Book Review and Giveaway: Autumn Winifred Oliver Does Things Different by Kristin O’Donnell Tubb

March 9, 2010

I’m so excited to be giving away a copy of Autumn Winifred Oliver Does Things Different by Kristin O’Donnell Tubb. I reviewed it here a year ago when it came out in hardbound format, and I really believe it’s a delightful book for mother-daughter book clubs to read. Today, to celebrate one year in print and the release of Autumn Winifred Oliver in paperback, the author is celebrating by giving away one signed copy of her book in paperback to a reader here at Mother Daughter Book Club. Just leave a comment after the review, and you’ll be entered into the drawing. The giveaway ends at midnight, Pacific Standard Time this Friday, March 12, 2010 and it is open to residents of the U.S. and Canada. (Please note: the giveaway is closed.) Here’s the review:

Autumn Winifred Oliver Does Things Different by Kristin O’Donnell Tubb

Autumn Winifred Oliver has a lot going on for an 11-year-old living in the tiny, mountain settlement of Cades Cove, Tennessee. She’s waiting to move with her mom and big sister Katie to Knoxville, where her dad already lives and works. She’ll miss the beautiful mountains she lives in, but in the 1930s the “big city” offers the allure of indoor plumbing, movie theaters and automobiles, all nearly non-existent in her neck of the woods. Everybody says she does things different, and she keeps reminding herself of that as she gets herself in and out of several pickles.

First, she hears the church bells toll her reputed death—they always toll the number of years for the recently departed, and she’s the only one around who is 11 when she hears them ring. Then she finds out her grandpa almost died, and her mom has decided Knoxville can wait while she moves into his cabin in the woods to help care for him.

There’s also more activity than usual in Cades Cove, a settlement that’s totally cut off from the outside world each winter when the only road in gets covered in snow. The Great Smoky Mountains National Park is being created right on the edge of town, and everyone is abuzz about raking in money from tourists. But Autumn Winifred Oliver suspects that everything is not as it seems with the park, and she won’t rest until she finds out the real story.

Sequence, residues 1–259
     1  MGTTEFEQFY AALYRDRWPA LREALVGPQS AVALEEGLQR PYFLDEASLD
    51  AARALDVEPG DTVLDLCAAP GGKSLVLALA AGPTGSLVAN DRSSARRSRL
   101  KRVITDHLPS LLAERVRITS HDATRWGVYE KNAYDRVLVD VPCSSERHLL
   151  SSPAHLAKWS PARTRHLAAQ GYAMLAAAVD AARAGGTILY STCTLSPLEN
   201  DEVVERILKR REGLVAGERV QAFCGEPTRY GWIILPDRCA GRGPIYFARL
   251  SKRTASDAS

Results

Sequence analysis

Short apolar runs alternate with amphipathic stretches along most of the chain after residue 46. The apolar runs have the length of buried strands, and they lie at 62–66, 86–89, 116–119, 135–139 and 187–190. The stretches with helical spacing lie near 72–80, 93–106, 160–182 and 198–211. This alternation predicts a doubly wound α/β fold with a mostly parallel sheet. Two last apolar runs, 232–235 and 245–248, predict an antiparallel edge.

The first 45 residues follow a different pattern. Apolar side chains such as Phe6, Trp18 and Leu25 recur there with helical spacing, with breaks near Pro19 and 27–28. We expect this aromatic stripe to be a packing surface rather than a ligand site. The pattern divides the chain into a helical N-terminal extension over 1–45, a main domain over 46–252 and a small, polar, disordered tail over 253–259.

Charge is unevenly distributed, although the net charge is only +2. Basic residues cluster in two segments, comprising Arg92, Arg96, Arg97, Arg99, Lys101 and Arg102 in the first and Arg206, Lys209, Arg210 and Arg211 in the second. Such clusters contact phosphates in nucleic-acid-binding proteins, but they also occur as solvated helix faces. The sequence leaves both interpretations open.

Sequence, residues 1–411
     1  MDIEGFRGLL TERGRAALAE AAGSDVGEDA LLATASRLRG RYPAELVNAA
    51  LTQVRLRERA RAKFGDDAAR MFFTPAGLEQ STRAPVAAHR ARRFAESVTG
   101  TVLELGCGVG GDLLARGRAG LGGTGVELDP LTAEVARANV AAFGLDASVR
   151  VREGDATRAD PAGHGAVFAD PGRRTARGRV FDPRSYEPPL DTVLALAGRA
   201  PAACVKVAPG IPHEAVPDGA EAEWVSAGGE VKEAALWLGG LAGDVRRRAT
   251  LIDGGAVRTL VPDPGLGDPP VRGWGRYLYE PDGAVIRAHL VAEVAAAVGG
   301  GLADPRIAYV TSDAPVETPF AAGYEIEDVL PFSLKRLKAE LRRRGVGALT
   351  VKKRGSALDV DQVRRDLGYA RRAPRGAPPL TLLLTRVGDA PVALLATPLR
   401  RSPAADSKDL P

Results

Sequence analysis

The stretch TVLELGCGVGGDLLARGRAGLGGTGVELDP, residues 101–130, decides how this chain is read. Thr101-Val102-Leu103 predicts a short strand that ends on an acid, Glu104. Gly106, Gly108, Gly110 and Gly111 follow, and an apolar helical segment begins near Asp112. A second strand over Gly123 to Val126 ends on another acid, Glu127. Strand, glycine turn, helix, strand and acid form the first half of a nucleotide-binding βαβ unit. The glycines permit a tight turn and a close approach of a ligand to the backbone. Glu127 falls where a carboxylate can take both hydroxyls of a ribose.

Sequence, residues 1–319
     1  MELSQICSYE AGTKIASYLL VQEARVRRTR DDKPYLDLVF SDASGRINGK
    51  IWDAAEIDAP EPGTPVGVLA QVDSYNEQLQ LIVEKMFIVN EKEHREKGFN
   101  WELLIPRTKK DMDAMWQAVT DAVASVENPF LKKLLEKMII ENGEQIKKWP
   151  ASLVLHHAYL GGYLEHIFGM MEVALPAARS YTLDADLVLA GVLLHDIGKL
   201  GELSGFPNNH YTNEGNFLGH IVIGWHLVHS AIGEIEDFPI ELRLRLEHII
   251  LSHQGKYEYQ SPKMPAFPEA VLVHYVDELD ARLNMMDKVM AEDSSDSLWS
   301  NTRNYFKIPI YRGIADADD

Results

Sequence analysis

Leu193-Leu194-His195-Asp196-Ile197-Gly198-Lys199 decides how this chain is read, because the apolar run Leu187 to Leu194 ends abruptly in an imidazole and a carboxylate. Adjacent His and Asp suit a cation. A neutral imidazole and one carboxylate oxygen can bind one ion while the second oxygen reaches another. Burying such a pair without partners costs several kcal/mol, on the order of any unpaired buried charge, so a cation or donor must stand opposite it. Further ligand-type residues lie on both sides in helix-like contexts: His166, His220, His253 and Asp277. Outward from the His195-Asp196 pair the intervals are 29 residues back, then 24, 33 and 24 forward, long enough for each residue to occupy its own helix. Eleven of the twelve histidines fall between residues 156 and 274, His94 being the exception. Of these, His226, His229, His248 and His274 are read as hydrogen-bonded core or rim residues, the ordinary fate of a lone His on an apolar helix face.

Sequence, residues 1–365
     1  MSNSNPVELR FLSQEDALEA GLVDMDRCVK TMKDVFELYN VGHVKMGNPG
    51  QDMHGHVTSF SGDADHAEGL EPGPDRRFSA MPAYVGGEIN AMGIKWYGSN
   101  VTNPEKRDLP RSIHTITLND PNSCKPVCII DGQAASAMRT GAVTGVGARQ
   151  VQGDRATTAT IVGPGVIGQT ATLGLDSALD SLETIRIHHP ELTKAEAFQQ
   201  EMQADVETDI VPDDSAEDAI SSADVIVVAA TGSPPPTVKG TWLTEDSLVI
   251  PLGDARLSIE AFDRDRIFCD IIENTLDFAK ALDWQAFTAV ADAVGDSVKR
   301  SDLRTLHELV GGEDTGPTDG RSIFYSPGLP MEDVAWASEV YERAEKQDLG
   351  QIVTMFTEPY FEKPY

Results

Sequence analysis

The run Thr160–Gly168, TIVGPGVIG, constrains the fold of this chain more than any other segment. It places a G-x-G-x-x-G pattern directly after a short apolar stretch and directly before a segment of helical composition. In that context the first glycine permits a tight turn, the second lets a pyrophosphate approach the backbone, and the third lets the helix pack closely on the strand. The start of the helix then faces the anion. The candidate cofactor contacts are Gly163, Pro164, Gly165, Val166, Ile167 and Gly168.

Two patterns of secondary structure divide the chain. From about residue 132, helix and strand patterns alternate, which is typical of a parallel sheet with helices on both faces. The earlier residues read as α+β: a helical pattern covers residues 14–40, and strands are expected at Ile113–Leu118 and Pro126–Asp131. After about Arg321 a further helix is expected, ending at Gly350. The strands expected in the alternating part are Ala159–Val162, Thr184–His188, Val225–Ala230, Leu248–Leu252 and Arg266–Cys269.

Autumn is a delightful character with a down to earth voice, and through her eyes we see the beauty of the mountains, streams, and countryside around her home. She is placed within the real story of Cades Cove, Tennessee, and the creation of Great Smoky Mountains National Park. You’ll be charmed by the  folk tales, old-time remedies and superstitions woven seamlessly by author Kristin O’Donnell Tubb throughout the story. This is Tubb’s debut novel, and I hope to see more books from her in the years to come. Moms and daughters alike will fall in love with Autumn and her way of looking at the world. I highly recommend it for mother-daughter book clubs with girls aged nine and up.

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Book Review and Giveaway: In a Heartbeat by Loretta Ellsworth

February 11, 2010

Today and tomorrow I am offering to give away a copy of a new book just being released from author Loretta Ellsworth. Loretta’s previous books for young adults are The Shrouding Woman and In Search of Mockingbird. Read my review of her new book, In a Heartbeat, then comment here for a chance to win your own copy. The contest is open until midnight (PST), Friday, February 12, and it is open to residents of the U.S. and Canada. Tomorrow, I’ll feature an interview with Loretta, so check back again then for more about this author and her books. (Congratulation to Lissa, the reader who commented and won a copy of In a Heartbeat given away by the author.)

Eagan is a figure skater. She’s athletic and talented and headstrong. Amelia’s world is limited by her failing heart. No longer even able to walk up and down the stairs of her home, she is homeschooled and spends a lot of time in her room drawing horses. In a Heartbeat by Loretta Ellsworth opens with Eagan’s story. We know immediately she dies after hitting her head on a board while making a jump in competition. Amelia is the girl who receives her heart.

The storyline goes back and forth between Eagan, who is caught between life and death, and Amelia who is learning to live and experience new sensations every day because of the strong heart beating in her chest. We learn about Eagan’s life through her memories of the times before her death. Amelia starts to suspect that some of her post-operation dreams and her new interests may be those of the donor.